The Nanoliter Lab: Using Droplets for Chemical Analysis, Screening and In Vivo Neurochemical Sensing (#94)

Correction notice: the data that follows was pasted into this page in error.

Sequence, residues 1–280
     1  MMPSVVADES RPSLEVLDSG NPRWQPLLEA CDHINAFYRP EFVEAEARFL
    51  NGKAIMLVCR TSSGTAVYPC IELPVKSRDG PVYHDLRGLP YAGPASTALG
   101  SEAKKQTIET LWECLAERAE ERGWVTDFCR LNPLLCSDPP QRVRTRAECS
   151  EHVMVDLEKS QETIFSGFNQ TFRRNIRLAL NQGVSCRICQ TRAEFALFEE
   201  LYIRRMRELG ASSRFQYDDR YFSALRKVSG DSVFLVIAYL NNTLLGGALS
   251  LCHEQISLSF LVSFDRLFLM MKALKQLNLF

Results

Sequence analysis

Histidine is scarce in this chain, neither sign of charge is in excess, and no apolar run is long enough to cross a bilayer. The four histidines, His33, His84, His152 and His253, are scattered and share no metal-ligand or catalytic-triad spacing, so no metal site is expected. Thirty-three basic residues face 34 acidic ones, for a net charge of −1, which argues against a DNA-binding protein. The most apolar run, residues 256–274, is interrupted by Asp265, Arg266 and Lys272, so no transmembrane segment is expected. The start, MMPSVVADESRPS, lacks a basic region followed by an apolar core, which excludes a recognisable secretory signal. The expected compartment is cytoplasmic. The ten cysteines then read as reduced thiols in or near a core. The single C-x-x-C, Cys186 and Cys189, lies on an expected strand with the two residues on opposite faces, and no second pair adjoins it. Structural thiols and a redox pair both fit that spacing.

Manipulating samples as droplets within microfluidic devices has emerged as an interesting approach for chemical analysis and screening. In segmented flow, one embodiment of this technology, nanoliter samples are manipulated in microfluidic channels as plugs separated by an immiscible fluid, such as air or fluorinated oil. These plugs serve as miniature test-tubes in which reactions can be performed at high throughput. Microfluidic tools have been developed to split, dilute, extract, and filter such plugs at rates up to 10 Hz. We have developed methods to analyze plug content by mass spectrometry (MS) and electrophoresis. Several applications of this technology have emerged including: 1) high throughput screening, e.g. by using droplets as reaction vessels that are analyzed by MS, electrophoresis, or fluorescence; 2) hyphenating capillary separations, e.g. fraction collection and then interface to MS, NMR, or chemical derivatization; 3) sensing, e.g. by collecting fractions from sampling probes followed by analysis. The principles of droplet formation and analysis with emphasis on application related to separations will be discussed.